While the $19.7-million makeover is underway, the dancers and musicians who usually hold sway at the 1,196-seat county-owned outdoor theater in Hollywood will fan out to other, as yet undetermined venues around Los Angeles County.
"We will be taking the Ford on the road," said Laura Zucker, director of the Los Angeles County Arts Commission, the government agency that operates the amphitheater.
The stage's current elevated back tier is concrete, the front has plywood surfacing on top of concrete, and the stage tilts downward toward the audience to help rainwater slide off. Zucker said the replacement stage will still be two-tiered, a feature performance companies like, but it will be all wood, with no concrete and no downward slope.
The coming project will be the second phase in a step-by-step improvement plan for the Ford, which sits on the opposite side of Cahuenga Boulevard from the Hollywood Bowl, another county-owned venue that's much bigger and more famous, but not much older. The Ford opened in 1931, 10 years after the Hollywood Bowl.
Unlike the Bowl, a magnet for some of the biggest stars of classical and pop music, the Ford has a communitarian agenda that features performers who aren't household names.
The idea is to help newer and less renowned groups acclimate themselves to performing in a venue of more than 1,000 seats, where they can reach bigger audiences and become better known.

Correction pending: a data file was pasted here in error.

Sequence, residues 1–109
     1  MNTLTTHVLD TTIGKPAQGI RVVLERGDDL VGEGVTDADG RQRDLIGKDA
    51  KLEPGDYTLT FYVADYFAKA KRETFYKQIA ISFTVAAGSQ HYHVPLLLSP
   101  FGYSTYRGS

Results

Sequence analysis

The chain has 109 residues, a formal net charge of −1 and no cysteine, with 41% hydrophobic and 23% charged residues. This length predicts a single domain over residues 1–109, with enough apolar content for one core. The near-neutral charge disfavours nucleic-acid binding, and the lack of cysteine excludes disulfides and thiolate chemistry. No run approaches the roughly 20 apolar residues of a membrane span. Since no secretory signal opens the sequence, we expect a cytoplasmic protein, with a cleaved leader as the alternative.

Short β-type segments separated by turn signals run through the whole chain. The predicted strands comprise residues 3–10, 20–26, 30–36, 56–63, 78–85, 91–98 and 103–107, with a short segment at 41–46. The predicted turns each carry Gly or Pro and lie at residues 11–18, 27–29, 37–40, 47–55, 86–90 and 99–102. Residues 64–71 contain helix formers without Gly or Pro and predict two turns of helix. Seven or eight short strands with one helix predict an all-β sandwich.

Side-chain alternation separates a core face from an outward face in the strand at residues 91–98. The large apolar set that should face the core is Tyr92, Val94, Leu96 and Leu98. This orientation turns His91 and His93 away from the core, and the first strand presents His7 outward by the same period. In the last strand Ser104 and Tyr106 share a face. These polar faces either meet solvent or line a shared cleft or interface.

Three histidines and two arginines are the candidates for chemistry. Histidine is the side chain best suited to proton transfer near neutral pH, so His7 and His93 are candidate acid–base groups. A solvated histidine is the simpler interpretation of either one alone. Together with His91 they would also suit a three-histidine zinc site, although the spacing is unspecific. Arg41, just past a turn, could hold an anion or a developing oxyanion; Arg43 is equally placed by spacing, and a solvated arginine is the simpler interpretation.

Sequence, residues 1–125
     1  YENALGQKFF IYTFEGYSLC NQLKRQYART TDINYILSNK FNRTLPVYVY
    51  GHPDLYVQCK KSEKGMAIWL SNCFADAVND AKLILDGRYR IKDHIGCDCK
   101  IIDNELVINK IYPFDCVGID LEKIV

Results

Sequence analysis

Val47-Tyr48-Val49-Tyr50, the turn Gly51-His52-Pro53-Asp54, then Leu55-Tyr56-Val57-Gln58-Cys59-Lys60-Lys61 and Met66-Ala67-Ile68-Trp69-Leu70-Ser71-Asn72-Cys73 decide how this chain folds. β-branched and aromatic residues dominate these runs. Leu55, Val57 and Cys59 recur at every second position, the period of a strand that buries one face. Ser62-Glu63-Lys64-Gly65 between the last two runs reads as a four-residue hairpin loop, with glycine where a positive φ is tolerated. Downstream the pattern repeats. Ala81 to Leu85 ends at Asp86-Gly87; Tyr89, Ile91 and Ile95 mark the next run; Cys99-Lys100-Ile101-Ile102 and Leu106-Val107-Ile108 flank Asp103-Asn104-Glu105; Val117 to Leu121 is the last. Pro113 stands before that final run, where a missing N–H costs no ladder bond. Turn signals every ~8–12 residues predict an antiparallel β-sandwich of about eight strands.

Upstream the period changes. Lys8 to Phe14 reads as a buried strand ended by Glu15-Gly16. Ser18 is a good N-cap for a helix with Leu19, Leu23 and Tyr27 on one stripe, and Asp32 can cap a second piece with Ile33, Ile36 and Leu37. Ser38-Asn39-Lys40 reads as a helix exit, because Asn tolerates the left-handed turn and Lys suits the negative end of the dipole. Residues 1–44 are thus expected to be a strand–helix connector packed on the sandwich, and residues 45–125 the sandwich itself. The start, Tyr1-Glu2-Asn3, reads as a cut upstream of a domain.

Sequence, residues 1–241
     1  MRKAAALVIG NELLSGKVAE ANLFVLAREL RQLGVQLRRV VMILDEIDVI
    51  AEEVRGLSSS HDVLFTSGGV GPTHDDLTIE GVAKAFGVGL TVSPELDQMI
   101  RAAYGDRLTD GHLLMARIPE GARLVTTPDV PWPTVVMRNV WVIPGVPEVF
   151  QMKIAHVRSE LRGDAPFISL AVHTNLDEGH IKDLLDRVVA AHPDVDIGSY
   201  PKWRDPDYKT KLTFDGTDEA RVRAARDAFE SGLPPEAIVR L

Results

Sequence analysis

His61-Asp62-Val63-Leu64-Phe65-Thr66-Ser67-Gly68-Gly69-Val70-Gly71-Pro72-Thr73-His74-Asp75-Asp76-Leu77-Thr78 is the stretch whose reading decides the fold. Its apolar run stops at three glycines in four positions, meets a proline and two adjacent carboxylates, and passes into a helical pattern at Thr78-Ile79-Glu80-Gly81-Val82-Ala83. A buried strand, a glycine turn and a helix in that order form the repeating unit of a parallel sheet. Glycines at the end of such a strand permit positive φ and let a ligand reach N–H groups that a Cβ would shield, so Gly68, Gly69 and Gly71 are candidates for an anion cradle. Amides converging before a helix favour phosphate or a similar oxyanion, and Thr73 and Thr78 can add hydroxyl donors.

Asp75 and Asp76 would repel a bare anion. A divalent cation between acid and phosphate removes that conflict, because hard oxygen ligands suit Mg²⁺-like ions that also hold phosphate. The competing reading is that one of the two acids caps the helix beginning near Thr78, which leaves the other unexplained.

She said the production budget for the traveling 2015 season will be about $750,000 -- the same amount the county would have provided at the Ford.
The $19.7-million expenditure by the county follows a $7.5-million initial phase in 2012-13 that included installing new seats, repairing leaks and addressing other wear-and-tear issues. But it was timed to avoid losing a summer season.
The Arts Commission plans to seek the project’s first official blessing soon from the
Because it's in a county park, Zucker said, the arts venues could qualify for special funds reserved for park development.
LACMA has rolled out a tear-down-and-rebuild plan encompassing more than 400,000 square feet of galleries, and its director, Michael Govan, recently said that he hoped the county, which would own the new structure, can provide about $100 million toward its estimated $500-million construction cost. The Music Center has big-dollar capital plans focusing on remaking its plaza and improving the 50-year-old Dorothy Chandler Pavilion, including expanding a limited backstage that has posed problems for its main tenant, Los Angeles Opera.
With big plans also afoot for the Ford, one possible avenue to raise hundreds of millions of dollars could be to package proposed improvements at county-owned venues and put the question of funding them to voters in a bond election comparable to one that took place in 2002.
Almost 61% of the voters said yes -- a landslide in the vast majority of states, but a defeat in California, which requires a two-thirds majority to approve tax-backed bonds (except for public education bonds, which need 55% of the vote).
Zucker said she hasn’t heard any talk yet about a bond issue for looming cultural needs. Outgoing Supervisor